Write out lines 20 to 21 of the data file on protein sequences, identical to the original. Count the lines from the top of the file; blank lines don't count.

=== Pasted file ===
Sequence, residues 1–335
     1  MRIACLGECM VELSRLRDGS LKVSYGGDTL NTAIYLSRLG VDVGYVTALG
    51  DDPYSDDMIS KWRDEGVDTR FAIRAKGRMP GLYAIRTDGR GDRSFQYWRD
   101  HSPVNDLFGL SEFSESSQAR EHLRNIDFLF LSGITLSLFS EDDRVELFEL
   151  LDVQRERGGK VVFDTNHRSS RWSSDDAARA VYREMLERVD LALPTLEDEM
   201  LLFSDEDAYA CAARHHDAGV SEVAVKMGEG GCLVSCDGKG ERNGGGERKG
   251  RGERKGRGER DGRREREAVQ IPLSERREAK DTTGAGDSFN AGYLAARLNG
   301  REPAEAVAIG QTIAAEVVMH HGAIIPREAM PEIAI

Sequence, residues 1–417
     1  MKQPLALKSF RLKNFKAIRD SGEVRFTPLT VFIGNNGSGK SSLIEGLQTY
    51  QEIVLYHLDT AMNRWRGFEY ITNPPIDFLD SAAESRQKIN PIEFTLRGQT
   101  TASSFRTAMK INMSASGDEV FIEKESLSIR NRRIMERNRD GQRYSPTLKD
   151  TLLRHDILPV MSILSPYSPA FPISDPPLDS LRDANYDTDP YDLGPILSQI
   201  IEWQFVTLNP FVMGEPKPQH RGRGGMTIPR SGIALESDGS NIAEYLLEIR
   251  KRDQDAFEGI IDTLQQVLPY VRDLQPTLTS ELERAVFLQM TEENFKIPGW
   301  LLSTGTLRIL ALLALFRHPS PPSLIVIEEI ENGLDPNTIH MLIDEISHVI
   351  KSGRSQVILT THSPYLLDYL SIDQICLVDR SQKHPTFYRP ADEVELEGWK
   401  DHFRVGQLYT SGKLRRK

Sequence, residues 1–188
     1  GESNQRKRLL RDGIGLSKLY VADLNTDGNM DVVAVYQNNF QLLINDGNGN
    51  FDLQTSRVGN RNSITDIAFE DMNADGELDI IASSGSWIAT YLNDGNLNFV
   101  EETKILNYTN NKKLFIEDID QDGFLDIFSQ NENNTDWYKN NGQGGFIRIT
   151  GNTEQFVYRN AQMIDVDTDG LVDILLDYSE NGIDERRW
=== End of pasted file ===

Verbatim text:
     1  GESNQRKRLL RDGIGLSKLY VADLNTDGNM DVVAVYQNNF QLLINDGNGN
    51  FDLQTSRVGN RNSITDIAFE DMNADGELDI IASSGSWIAT YLNDGNLNFV